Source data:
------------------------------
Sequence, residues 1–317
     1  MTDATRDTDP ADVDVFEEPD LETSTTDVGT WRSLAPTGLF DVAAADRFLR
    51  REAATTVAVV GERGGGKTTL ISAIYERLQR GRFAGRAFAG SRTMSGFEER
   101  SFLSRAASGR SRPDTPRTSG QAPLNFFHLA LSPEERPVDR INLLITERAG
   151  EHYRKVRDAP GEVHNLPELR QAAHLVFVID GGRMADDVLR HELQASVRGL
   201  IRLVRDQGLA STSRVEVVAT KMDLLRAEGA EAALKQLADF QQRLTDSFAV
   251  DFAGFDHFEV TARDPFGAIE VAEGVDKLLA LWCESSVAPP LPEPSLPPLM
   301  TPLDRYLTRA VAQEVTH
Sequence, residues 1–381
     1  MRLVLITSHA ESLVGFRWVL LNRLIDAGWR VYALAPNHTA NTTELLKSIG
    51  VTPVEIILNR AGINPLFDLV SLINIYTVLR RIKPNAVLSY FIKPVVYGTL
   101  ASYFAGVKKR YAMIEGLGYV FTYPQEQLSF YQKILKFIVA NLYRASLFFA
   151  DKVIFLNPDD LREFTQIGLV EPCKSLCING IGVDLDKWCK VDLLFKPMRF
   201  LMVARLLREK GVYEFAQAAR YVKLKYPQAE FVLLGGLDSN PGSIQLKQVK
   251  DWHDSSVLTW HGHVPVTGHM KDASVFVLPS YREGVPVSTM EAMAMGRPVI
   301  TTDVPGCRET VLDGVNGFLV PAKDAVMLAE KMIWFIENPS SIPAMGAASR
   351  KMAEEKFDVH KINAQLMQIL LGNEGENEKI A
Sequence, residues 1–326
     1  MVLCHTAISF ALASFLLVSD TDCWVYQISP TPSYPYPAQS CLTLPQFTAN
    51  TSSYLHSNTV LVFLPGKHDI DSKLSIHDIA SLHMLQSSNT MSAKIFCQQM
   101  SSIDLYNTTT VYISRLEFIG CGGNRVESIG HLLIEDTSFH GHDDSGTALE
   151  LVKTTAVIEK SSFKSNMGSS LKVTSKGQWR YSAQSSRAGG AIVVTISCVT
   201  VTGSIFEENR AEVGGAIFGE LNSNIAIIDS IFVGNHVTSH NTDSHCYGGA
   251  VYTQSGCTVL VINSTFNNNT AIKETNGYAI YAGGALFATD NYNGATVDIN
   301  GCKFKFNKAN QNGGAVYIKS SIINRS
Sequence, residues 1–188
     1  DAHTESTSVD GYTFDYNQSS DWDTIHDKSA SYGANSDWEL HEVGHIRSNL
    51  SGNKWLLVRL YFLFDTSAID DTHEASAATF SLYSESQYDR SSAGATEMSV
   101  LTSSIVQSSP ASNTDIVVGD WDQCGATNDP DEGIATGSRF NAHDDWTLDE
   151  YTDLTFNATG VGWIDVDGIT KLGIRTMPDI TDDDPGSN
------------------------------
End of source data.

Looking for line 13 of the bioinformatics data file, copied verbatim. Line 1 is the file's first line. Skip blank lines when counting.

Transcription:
   151  DKVIFLNPDD LREFTQIGLV EPCKSLCING IGVDLDKWCK VDLLFKPMRF